Romero sworn in as San Juan mayor with some calling inauguration ‘an attempt against democracy’
Urges all political sectors to unite to turn island capital into a ‘city of the future’
By Pedro Correa Henry
Special to The Star
With a backdrop of irregularities in the general elections, a small group of citizens outside the Alejandro Tapia y Rivera Theater in Old San Juan calling the event an “an attempt against democracy,” and a heavy deployment of Tactical Operations Division agents from the Puerto Rico Police Bureau, former New Progressive Party Sen. Miguel Romero was sworn in Monday as the 22nd mayor of San Juan.
Once sworn in by Puerto Rico Supreme Court Chief Justice Maite Oronoz Rodríguez, Romero began his inaugural speech by expressing gratitude to San Juan residents for granting him the task of leading the city.
He acknowledged later in the speech that he would be facing challenges amid “the limitations imposed on us by an economic crisis with political and social repercussions that do not seem to be coming to an end, with the aggravated challenge of setting the reconstruction of our island on course after the passage of the 2017 hurricanes and last year’s earthquakes.”
“In the case of our capital city, in addition to all of the above, there is a serious fiscal and administrative situation that is evident by the marked physical and economic deterioration of our urban environment and in the lack of response, services and attention to our people in San Juan,” Romero said.
During the speech that was attended by political figures such as Gov. Pedro Pierluisi Urrutia, Senate President José Luis Dalmau, former Gov. Luis Fortuño Burset, former San Juan mayors Héctor Luis Acevedo and Jorge Santini, and former Financial and Oversight Management Board Chairman José Carrión III, Romero stated that the issues had to be addressed as “they will require all our skills and commitment, and will also require time and patience” from every citizen.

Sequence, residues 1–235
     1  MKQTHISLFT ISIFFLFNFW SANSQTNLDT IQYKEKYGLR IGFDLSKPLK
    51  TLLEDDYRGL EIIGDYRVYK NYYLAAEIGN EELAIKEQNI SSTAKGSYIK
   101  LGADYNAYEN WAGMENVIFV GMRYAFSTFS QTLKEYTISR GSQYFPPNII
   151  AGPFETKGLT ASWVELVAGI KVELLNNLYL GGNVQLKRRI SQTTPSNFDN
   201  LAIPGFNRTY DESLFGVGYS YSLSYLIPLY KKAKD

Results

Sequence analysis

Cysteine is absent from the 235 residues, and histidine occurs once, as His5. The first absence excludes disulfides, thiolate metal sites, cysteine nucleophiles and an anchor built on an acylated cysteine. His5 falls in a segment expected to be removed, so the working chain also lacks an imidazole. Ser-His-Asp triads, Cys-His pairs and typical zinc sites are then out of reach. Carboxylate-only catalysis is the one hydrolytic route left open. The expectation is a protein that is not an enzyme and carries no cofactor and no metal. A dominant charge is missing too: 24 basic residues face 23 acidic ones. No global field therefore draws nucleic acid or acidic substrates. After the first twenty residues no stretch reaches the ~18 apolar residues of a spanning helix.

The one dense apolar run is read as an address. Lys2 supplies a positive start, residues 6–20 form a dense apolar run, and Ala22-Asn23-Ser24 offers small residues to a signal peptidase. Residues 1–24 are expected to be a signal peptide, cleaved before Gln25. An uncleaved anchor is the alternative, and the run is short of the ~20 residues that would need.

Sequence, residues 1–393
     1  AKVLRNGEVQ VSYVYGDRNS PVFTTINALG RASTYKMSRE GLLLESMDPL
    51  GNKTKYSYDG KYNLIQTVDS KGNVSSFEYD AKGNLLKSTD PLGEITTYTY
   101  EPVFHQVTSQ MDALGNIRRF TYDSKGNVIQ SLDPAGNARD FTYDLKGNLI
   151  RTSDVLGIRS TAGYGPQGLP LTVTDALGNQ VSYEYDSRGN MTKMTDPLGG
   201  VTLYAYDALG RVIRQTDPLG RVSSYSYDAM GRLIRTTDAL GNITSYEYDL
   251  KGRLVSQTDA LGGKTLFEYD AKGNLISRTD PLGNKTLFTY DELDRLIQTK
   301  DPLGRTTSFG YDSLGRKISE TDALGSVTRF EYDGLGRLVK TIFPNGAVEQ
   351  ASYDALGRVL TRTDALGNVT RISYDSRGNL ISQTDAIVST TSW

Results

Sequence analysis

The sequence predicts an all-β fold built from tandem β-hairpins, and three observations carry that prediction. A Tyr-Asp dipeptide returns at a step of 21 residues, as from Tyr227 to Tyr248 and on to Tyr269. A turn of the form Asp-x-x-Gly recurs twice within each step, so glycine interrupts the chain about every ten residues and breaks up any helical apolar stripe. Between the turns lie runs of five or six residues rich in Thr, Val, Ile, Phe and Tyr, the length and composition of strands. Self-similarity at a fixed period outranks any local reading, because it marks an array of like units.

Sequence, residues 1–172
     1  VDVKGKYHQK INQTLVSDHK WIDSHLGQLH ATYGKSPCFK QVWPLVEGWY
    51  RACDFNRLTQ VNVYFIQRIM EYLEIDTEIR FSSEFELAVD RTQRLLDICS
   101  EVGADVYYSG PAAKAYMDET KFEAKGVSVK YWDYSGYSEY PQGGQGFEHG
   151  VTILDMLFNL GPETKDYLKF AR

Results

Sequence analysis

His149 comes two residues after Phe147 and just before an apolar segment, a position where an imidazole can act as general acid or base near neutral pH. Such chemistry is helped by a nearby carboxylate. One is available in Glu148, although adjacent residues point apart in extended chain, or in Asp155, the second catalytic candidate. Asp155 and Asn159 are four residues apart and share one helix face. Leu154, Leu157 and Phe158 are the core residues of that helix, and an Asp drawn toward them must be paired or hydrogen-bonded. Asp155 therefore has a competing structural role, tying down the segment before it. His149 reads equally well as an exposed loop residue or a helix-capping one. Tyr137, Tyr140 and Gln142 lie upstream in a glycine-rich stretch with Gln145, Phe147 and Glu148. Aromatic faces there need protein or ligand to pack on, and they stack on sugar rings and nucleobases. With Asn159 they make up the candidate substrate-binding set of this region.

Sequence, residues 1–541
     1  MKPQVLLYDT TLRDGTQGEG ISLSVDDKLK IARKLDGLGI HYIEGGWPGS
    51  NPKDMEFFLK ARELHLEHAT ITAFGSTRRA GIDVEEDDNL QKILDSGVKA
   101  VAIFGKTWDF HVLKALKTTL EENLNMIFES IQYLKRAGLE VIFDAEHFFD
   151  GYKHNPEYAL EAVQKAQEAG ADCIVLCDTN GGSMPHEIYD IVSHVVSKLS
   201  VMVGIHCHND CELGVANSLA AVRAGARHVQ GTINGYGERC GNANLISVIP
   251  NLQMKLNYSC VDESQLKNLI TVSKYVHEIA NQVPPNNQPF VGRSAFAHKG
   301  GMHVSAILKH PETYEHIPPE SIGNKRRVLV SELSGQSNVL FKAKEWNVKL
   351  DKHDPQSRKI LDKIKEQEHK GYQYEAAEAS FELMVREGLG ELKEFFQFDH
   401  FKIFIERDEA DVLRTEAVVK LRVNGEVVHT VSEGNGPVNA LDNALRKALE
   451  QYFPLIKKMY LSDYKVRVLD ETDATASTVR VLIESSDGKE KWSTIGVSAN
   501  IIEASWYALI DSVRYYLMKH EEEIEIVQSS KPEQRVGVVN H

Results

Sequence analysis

“This feat that we begin today is not about blues, yellows, reds, or greens. It is about the whole mosaic of colors that cohabit in our city,” the San Juan mayor said as he urged political sectors to unite to turn San Juan into a “city of the future.”
“That is why, this morning, with great humility, with a great sense of responsibility and with deep respect, I call on all pro-statehood, ‘populares’ [Popular Democratic Party supporters], pro-independence, Citizen Victory Movement [CVM] and Dignity Project supporters, and all San Juan residents with good will to make common cause and work together for the sake of everyone,” Romero added.
Meanwhile, Pierluisi declared his “total support” for the just sworn-in mayor, saying that both of them have decided that “2021 will be the year of reconstruction” and will guide both San Juan and Puerto Rico toward progress.
“We all want to leave political controversies behind, reject the turbulence that hurts us so much and focus on the causes that unite us, which are many,” the governor said. “We have much work to do and people have hope invested in us.”
Not defending Manuel Natal, but defending democracy
Before the inauguration began, around 15 spokespeople from the coalition Citizens for Electoral Transparency (CTE by its Spanish initials) arrived at Plaza de Colón to conduct a speaker’s corner, where they questioned the legitimacy of Romero’s victory in the general elections given the results of an audit by the Inspector General’s Office.
Spokesperson Raquel González said that as the audit pointed out issues such as a lack of rules and procedures during the transportation of electoral material, an excess of printed ballots, a mismatch of 26,454 early voting ballots between the number of certified voters and what was found in the Absentee and Early Voting Administrative Board vault, uncertainty remained in electoral contests such as the San Juan mayoral race, the race for the San Juan District 3 seat in the House of Representatives, and the Guánica mayoral race.
“There are more ballots in doubt than the votes that handed him the alleged victory [over CVM mayoral candidate Manuel Natal Albelo]. If we remove all the questionable ballots, he did not win,” González said. “Therefore, who was certified and became the San Juan mayor? A person who had the majority of the votes within votes that we are sure were legitimate, or a person who, with illegitimate votes, is alleged to have obtained a majority. That’s a very delicate matter.”
“What we are trying to say here is that you could swear in, you could put anyone in the Mayor’s office, but there’s still no clarity here, and Puerto Rico won’t accept candidates that the people did not vote for; this must be resolved,” the CTE spokesperson added. “The coalition is not here to defend a political party, but rather to defend the people’s will during a democratic process.”